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Should you withdraw your portion of a 401k account?

Your divorce may signal a welcomed end to the hostility and tension that currently exists between you and your spouse. However, if you were not the primary income earner in your marital home, it can also bring with it a great deal of uncertainty about the future.

You may find yourself needing to go back to school, pay for vocational training, or having to find a new home or apartment. Spousal and child support assistance may help with some of that, but not all of it. Might you also want to consider cashing the portion of your ex-spouse’s 401k that’s owed to you?

401k contributions are marital assets

The news that you are even entitled to a portion of those funds may come as a shock to you (after all, they are the result of your spouse’s individual employment). However, the income that your spouse earned during your marriage is a marital asset. As the contributions made to their 401k came (as least partly) from that income, the court considers that shared property as well.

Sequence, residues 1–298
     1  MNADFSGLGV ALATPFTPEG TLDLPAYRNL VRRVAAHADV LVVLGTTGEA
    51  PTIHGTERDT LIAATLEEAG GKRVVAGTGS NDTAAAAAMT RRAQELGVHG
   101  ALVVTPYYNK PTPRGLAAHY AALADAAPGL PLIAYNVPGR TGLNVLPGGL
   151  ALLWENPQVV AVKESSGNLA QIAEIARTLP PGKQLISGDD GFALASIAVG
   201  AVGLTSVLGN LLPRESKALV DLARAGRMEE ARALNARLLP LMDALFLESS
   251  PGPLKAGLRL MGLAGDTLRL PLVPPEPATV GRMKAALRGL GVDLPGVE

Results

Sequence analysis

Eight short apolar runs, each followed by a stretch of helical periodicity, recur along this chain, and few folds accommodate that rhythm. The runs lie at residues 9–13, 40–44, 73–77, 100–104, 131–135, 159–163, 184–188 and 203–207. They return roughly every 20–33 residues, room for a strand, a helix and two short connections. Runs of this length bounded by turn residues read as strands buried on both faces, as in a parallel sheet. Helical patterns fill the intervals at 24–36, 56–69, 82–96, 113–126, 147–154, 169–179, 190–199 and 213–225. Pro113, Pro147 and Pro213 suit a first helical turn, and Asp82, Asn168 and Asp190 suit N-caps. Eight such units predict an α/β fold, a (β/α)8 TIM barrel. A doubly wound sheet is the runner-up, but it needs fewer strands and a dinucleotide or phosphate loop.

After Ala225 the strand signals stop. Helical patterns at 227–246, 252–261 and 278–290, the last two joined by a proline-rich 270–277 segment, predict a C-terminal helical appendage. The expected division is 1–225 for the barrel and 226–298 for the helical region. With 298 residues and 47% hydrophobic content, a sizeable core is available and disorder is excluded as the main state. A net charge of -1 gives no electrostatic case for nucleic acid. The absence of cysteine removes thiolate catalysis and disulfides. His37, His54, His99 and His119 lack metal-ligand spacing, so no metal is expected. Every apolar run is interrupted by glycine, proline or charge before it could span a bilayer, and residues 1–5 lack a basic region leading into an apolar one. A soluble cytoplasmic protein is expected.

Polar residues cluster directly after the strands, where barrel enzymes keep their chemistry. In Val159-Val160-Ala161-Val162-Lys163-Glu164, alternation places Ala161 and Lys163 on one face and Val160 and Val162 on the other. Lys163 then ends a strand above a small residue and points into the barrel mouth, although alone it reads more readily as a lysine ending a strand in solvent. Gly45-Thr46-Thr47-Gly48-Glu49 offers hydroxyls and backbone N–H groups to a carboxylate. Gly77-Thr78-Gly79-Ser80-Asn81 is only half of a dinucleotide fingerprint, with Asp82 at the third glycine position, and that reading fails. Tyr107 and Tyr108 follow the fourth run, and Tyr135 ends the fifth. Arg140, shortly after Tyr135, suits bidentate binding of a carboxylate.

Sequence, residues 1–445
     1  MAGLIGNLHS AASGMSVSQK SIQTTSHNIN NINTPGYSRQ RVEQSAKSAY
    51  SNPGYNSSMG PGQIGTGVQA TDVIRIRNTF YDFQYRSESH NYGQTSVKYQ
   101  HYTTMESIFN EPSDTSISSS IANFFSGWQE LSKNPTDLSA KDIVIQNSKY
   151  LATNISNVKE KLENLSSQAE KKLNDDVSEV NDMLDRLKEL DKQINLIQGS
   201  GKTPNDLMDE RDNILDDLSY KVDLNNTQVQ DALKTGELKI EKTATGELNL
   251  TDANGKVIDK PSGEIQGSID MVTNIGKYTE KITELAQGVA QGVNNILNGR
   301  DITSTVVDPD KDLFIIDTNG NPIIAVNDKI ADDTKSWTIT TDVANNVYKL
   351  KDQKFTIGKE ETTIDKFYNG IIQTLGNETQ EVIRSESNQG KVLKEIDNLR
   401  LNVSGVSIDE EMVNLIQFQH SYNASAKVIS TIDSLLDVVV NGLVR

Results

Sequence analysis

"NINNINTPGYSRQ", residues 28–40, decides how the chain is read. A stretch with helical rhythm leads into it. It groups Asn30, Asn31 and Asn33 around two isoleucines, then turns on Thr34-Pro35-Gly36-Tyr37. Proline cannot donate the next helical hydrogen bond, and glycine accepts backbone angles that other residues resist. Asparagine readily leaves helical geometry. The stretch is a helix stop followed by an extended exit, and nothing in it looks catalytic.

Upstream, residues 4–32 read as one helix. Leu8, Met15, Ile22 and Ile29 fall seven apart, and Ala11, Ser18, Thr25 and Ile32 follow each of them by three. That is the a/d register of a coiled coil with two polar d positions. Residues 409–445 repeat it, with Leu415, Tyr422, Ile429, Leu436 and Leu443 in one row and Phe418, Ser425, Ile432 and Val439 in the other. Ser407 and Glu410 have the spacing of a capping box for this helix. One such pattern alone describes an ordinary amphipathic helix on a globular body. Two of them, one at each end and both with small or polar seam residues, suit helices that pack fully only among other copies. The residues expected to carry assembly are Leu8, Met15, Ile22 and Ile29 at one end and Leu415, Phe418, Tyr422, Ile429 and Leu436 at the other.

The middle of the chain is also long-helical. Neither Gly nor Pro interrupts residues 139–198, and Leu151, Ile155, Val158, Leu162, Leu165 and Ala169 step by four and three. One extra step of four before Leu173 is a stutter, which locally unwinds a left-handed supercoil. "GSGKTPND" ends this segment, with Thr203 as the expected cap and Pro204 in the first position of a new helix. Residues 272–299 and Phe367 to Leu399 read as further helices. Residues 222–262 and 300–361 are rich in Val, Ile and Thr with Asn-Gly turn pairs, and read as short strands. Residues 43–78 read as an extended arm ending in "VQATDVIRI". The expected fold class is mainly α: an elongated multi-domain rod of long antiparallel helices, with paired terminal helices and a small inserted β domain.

Cashing out without incurring a penalty

Typically, withdrawing funds from a tax-deferred retirement account prior to actually reaching the age of retirement would result in a tax penalty (often 10% of the disbursement amount). Yet according to the website, the court can stipulate (through a Qualified Domestic Relations Order) that disbursements go to an alternate payee (you) without penalty (you would still have to pay income tax on whatever money you received).

Yet this is not a decision you should rush into. Rolling those funds over into your own retirement account (so that they can continue to grow through investments and interest) is also an option. You need to decide if the benefit of having the money now exceeds that potential future wealth.